The Navy's Boatswain's Mate rating (which is what the Navy calls its jobs) is one of the two oldest in this branch of the military, dating back to 1794.
This rating, which has Navy Enlisted Classification (NEC) B400 allows new recruits to enlist without a specific career path identified. It's often used by some enlisted personnel who haven't decided which career to pursue (think of it as a college freshman whose major is still "undecided"), and by others who want a certain rating that may not be available at the time they enlist.
Duties Performed by Boatswain's Mates
The boatswain's mate will train, direct, and supervises ship's personnel in all activities relating to using the marlinspike. A marlinspike is a tool used to help tie large knots. The boatswain's mate also helps to instruct other activities on deck, boat seamanship painting, upkeep of ship's external structure, rigging, deck equipment and, of course, the smaller crafts onboard.
Boatswain's mates also operate and maintain equipment which may be used in a variety of areas aboard a ship, including loading and unloading cargo, ammunition, fuel, and general stores.
Since this rating is kind of an all-purpose position, the duties are varied and tend to cover work not assigned to other ratings. Boatswain's mates may serve as helmsmen and lookouts, or stand as security watches (both in port and at sea), or serve as part of damage control, emergency, or security alert team.
Their duties may also include repairing, maintaining, and stowing equipment in preparation for underway operations; doing temporary duty for 90-120 days with food services divisions or compartment cleaning; working in non-engineering divisions of the ship or station or participating in naval ceremonies.
Working Environment for Boatswain's Mates
After successful completion of recruit training, boatswain's mates are usually assigned to shipboard duties where the Navy needs them the most.
Boatswain's mates can request and may receive on-the-job training for a rating that they are interested in, qualified for and which is available at their first command by completing correspondence courses and personal advancement requirements. They must also be recommended by their commanding officer for the Navy rating they desire.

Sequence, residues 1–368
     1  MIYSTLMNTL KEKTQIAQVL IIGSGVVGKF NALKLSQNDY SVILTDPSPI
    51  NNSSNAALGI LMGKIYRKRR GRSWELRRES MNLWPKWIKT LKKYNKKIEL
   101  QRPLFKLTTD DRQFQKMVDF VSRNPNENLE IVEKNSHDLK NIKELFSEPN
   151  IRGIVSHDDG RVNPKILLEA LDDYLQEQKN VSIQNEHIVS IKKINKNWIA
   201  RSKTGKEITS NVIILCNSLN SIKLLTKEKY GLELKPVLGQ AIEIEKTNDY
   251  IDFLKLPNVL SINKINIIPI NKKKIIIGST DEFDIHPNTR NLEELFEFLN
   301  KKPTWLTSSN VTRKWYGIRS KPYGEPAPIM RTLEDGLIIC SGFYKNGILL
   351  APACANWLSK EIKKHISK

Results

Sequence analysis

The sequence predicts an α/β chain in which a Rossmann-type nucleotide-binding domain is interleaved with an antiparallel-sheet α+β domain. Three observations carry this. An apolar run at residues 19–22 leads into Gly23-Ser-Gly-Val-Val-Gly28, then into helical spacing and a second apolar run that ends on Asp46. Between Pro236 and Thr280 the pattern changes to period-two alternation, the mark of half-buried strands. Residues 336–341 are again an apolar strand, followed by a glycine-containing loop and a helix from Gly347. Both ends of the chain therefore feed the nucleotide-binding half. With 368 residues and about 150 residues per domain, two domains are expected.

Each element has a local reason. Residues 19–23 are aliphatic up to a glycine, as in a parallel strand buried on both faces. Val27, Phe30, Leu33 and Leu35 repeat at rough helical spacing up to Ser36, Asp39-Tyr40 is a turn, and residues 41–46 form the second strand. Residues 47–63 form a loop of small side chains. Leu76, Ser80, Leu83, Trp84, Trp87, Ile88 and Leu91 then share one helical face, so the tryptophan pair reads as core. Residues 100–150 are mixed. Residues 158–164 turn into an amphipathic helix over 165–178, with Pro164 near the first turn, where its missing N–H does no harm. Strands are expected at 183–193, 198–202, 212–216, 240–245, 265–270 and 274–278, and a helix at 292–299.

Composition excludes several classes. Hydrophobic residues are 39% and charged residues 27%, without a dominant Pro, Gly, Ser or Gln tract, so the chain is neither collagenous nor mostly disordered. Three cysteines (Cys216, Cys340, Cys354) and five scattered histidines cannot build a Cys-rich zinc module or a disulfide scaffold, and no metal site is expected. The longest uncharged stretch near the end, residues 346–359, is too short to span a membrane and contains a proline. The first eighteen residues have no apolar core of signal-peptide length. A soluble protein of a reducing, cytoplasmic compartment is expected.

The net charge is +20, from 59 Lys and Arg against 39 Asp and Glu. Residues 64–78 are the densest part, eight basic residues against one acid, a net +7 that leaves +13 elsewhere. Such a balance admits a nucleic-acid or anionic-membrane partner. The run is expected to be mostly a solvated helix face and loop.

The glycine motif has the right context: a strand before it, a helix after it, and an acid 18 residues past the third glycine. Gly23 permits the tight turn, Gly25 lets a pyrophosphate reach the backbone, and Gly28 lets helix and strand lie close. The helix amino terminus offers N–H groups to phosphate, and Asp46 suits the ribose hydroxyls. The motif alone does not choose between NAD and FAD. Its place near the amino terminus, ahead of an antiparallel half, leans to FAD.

Although this rating may seem like a jack-of-all-trades job with wildly varied duties, the Navy describes boatswain's mates as the "backbone of every ship's crew."
Technical School Training for Boatswain's Mates
After completion of recruit training, enlistees in the Seaman Apprenticeship Training Program attend six weeks of training at boatswain's mate class "A" school in Great Lakes, Illinois.
Boatswain's mates may also attend Navy schools to learn about general damage control, shipboard firefighting, preventive maintenance of special equipment and special tools used in the rating they are working in or seeking.
Testing and Qualifications for Boatswains' Mates
Boatswain's mates need a combined score of 175 in the verbal expression (VE), arithmetic reasoning (AR) mathematics knowledge (MK) and automotive and shop (AS) information segments of the Armed Services Vocational Aptitude Battery (ASVAB) tests.
Alternately, they could present with a combined score of 135 in the MK, AS and assembling objects (AO) sections of the ASVAB.
There is no Department of Defense security clearance required for this position.
Sea/Shore Rotation for Boatswain's Mates
- First Sea Tour: 56 months
- First Shore Tour: 36 months
- Second Sea Tour: 60 months
- Second Shore Tour: 36 months
- Third Sea Tour: 48 months
- Third Shore Tour: 36 months
- Fourth Sea Tour: 48 months
- Fourth Shore Tour: 36 months
Sea tours and shore tours for sailors that have completed four sea tours will be 36 months at sea followed by 36 months ashore until retirement.